With Father’s Day approaching, this is the ideal time to put the focus and spotlight on Black men. Unfortunately, too many times these days the only attention paid to Black men is negative. Everyone sees the stories about the disproportionate number of Black men incarcerated, or killed in crime incidents, or shot by police during questionable encounters. Then there’s also the stats that show more than 72% of all Black children recently born were the products of single mothers (according to 2010 statistics).
Now it is very easy for these stats to be distorted, or our message to be misinterpreted. No one should take what the Tribune is about to say as an attack on Black women. Nor should they assume that editorially we do not support gender equity when it comes to pay in the workforce, or think women should not be in management, or take any job they choose. There’s no excuse or justification in 2017 for discrimination on the basis of sex, and we fully acknowledge that the justice system has done a horrible job protecting women from abuses, particularly the horror of rape, and the ongoing problem of sexual harassment in the marketplace.
But somewhere along the way, it seems folks forgot about the plight of Black men. Going back to slavery, the Black family was systematically destroyed through the emasculation of Black males. While Black women were certainly not treated well, Black men were lynched and murdered if they showed signs of being anything except servile and docile. White slave masters had no respect for Black men, labeling them “boys,” and not even giving them the respect and equitable treatment they gave mules and field animals.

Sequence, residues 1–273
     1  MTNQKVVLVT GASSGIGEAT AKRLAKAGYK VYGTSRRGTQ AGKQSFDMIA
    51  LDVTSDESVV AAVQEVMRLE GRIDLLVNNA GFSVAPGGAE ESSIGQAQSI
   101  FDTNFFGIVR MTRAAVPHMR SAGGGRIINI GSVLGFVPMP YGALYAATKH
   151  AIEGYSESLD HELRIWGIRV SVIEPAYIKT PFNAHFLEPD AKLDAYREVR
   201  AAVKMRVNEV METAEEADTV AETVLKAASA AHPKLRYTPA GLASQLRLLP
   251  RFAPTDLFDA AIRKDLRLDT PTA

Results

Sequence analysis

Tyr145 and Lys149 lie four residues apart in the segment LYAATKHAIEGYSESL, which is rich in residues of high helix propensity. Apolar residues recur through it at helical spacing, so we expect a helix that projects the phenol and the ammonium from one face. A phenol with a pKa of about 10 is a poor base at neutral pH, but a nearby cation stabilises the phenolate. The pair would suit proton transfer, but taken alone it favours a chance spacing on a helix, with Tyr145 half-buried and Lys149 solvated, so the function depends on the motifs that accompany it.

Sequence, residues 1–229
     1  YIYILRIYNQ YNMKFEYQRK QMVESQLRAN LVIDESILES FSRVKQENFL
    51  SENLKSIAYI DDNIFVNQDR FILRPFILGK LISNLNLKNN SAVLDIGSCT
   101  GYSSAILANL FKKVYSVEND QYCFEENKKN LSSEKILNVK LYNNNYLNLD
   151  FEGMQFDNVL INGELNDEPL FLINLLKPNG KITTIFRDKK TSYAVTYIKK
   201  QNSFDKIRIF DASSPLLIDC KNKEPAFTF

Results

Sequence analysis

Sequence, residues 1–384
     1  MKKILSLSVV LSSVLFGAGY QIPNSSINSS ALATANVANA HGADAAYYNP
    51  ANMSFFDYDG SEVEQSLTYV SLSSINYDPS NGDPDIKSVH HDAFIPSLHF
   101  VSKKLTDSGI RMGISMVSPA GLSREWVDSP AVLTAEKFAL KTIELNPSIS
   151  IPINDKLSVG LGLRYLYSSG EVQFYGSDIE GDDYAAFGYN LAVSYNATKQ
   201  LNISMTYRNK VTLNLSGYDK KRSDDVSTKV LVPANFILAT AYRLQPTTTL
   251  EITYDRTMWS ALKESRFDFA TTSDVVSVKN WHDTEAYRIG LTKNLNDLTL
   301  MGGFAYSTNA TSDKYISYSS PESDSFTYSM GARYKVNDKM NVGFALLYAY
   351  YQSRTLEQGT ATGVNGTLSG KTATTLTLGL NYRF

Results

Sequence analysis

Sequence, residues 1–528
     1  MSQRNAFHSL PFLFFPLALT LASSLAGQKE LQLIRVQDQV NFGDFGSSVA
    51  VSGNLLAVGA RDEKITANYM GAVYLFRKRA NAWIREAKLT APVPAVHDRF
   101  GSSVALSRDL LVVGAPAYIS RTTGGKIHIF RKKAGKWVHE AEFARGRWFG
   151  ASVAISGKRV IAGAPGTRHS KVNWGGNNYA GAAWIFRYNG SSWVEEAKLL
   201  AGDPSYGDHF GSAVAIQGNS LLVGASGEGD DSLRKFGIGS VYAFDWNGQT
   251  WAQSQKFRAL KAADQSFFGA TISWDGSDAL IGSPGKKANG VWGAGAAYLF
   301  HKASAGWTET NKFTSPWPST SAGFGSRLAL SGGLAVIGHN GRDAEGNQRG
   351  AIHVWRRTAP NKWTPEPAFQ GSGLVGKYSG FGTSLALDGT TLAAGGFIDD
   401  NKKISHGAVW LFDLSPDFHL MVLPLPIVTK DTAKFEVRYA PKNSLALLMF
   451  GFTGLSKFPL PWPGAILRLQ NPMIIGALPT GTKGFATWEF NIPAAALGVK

After emancipation and reconstruction, Black men saw job opportunities increasingly eliminated. Jim Crow in the South was hideous, but de facto segregation, redlining and many other forms of oppression that were practiced on the East and West Coast, in the Midwest, indeed everywhere made life tough for Black families. and even tougher for Black men. Some Black men were helped after World War II. They took advantage of the GI Bill to get somewhat of a fresh start. But it still was always rougher for Black men, because they were seen as more dangerous and prone to criminality and rage than their white counterparts due to the stereotypes that were (and still are) prominent in this society.
There were some advances in the ’60s and ’70s, with the advent of Civil Rights legislation and the institution of Affirmative Action programs. But then came the so-called “War on Drugs,” the crack epidemic, and a couple of different recessionary periods. These were accompanied by a renewed focus on correcting gender discrimination that saw a wave of fresh opportunities for women, as well as other people of color. But once more, there was no emphasis placed on Black men.
So we are now at a point in the 21st century where Black men are way behind Black women in terms of top management positions in many cities, Nashville included. The percentage of Black women being incarcerated is too high, but not nearly as staggering as the rate of Black men behind bars. That’s reflected in those same 2010 stats that show there are record low numbers of Black women being married, and even lower numbers of those women having children. That’s gets us back to the large numbers of Black children being born to single mothers, especially boys.